*Originally published 1/25/2013
I want you to imagine being on an airplane. First, think about what would happen if someone opened the door to the airplane. We all know that doing so would create a massive rush of air, suctioning out and pulling, with great force, everything inside the aircraft, out into the abyss of open sky.
Now, I want you to imagine the opposite happening. Imagine opening the door, and instead of a huge suction pulling everything out, picture the entire Universe rushing in, with such force that you’re not sure you’d be able to survive it.
That is the image that has been in my head today. As I focus on clearing some major internal blockages, that image (and sensation) dances around my psyche. Which brings to mind two things.
The first is the famous Marianne Williamson quote (often mistaken for being Nelson Mandela’s words), “Our deepest fear is not that we are inadequate. Our deepest fear is that we are powerful beyond measure.”
I guess I’m getting to the source of my blockages.
The other thing that comes to mind for me is Felix Baumgartner. But before I get to Felix, allow me to digress for a moment.
When I was younger (in my early twenties, to be exact) I had reached a place in my life where I was happier than many people will ever get to experience in their lifetime, I really believe that. It was out of this world. I was extremely high on life (and from time to time a few “mind-expanding substances” as well). I had a deep wisdom that was guided by a grand naiveté. I think that my naiveté allowed me to blindly trust my deep, inner wisdom. But It was also my naiveté that was navigating through that space, and one can only be flying blind for so long before, well, I kind of went into a tail spin and experienced a very harsh comedown from an incredibly exhilarating (to say the least) life-high.
I spent the duration of my twenties trying (and failing) to get back to that place, until finally arriving at the understanding that maybe the goal isn’t to get so extremely high, because the fall from that can be deadly. So heading into my thirties I became more focused on a different kind of happiness, a fully grounded happiness, from which I cannot fall.
Which leads me back to Felix. In case anyone doesn’t know who Felix Baumgartner is, he is an is an Austrian skydiver and daredevil who “jumped to Earth from a helium balloon in the stratosphere, setting the altitude record for a manned balloon flight, parachute jump from the highest altitude, and greatest free fall velocity… He set the world record for skydiving an estimated 24 miles, reaching an estimated speed of 834 mph, in October 2012, and became the first person to break the sound barrier without vehicular power on his descent.”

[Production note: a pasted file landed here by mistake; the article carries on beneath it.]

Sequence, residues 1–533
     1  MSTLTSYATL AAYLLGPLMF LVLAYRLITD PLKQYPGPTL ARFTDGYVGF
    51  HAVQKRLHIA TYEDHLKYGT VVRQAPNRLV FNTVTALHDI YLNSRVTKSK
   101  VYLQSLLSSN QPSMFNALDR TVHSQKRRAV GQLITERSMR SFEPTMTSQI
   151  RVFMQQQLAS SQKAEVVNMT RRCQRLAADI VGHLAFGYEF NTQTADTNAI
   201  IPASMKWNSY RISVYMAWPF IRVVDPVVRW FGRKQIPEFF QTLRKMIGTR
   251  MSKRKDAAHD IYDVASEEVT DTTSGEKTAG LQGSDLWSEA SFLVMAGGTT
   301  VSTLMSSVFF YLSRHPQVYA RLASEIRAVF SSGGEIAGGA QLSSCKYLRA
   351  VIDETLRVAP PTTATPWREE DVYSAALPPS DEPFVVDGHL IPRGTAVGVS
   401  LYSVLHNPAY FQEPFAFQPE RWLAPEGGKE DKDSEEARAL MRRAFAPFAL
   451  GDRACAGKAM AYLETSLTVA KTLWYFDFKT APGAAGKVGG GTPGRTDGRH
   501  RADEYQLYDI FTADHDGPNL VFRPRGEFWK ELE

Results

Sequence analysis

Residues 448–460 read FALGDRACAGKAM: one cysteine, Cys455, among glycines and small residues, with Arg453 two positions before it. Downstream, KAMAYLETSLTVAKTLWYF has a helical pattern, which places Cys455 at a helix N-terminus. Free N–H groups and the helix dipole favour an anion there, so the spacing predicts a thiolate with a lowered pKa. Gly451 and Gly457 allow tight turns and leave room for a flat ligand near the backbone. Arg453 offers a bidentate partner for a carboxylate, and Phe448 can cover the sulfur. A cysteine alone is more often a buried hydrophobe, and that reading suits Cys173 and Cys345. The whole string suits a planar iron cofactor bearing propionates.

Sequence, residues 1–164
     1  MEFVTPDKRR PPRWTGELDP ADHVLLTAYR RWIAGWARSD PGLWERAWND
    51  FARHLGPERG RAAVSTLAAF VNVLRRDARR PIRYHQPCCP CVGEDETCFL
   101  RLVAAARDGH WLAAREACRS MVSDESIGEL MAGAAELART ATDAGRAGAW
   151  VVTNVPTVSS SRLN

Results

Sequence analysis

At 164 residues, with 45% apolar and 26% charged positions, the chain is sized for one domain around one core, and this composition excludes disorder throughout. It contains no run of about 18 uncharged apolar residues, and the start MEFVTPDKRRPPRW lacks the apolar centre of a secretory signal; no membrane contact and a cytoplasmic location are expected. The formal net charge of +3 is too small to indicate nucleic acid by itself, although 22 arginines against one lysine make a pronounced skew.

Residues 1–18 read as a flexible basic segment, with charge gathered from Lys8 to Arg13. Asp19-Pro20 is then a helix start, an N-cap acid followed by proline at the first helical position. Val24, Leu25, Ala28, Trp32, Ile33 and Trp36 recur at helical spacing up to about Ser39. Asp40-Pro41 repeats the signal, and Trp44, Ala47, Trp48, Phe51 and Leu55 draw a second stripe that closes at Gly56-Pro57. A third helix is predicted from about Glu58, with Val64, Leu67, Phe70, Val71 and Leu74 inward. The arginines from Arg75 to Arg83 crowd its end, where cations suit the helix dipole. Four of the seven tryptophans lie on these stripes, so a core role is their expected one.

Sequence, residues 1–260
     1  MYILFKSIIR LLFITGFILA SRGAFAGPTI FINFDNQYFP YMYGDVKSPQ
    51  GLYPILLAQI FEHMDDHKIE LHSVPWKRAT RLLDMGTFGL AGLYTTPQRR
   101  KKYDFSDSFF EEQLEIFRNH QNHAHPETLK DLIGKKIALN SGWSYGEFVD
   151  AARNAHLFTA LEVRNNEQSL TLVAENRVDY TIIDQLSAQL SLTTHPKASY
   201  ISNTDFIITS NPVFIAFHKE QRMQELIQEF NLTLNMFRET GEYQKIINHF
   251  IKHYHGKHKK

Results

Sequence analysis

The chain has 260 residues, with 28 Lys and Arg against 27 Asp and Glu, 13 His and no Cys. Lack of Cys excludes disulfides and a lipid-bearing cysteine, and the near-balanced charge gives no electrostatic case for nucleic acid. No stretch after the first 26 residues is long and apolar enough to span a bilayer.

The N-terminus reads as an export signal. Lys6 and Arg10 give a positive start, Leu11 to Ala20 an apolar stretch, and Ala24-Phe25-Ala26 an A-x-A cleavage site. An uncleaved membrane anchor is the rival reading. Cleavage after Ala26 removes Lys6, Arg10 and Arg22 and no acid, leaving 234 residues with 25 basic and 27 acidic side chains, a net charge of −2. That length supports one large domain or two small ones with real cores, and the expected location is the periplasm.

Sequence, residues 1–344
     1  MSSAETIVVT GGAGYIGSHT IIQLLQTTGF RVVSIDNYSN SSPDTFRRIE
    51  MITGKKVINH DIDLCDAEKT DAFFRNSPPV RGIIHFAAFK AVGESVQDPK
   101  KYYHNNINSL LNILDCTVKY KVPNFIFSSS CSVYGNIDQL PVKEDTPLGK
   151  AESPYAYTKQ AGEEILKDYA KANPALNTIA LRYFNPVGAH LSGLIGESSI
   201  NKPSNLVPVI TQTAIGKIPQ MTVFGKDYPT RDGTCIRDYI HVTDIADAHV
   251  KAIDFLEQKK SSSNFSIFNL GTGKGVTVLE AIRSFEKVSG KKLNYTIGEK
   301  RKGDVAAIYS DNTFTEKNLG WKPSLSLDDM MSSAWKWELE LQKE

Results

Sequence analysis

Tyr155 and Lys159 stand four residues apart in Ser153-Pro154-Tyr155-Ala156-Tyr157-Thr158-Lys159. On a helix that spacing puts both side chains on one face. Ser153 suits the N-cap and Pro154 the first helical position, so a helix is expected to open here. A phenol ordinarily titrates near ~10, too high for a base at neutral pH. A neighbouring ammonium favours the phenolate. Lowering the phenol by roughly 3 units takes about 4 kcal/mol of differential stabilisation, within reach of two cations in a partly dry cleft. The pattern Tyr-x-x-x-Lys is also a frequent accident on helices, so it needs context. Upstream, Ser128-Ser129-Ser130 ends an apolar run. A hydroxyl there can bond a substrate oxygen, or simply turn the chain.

Ever since my own personal fall from grace, so many years ago, and learning the lesson that maybe getting so high isn’t such a great idea, I have feared getting too high, because I never wanted to come crashing down like I did before. It’s also become very important for me to remain grounded, which I always lacked in my youth.
But thinking about Felix- his goal was, yes, to get higher than any other human has ever gotten (outside of a vehicle), but it was for the sole purpose of coming down from that space. The free fall. And the moment he felt both feet on the ground- that was the true moment of power- so powerful that it brought him to his knees.
So I’m starting to see things a little differently now. Maybe reaching incredible heights isn’t such a bad thing. And maybe coming down from said heights isn’t such a bad thing. Maybe opening a door (removing that which closes me off from such experiences) might not be such a bad thing either. Maybe allowing the Universe to rush in will allow me to experience my own power, which is beyond measure. And maybe once I allow myself to experience such power I can understand that falling from such great heights can be just as incredible as actually reaching those heights- perhaps even better! Because instead of flying blind, with a naive navigation system, my wisdom (not only intuitive, but experiential) will serve as my parachute, which I may direct, with one pull of a string, back to a place where my feet are planted firmly (and safely) on the ground, where I can experience a greater world than I ever imagined.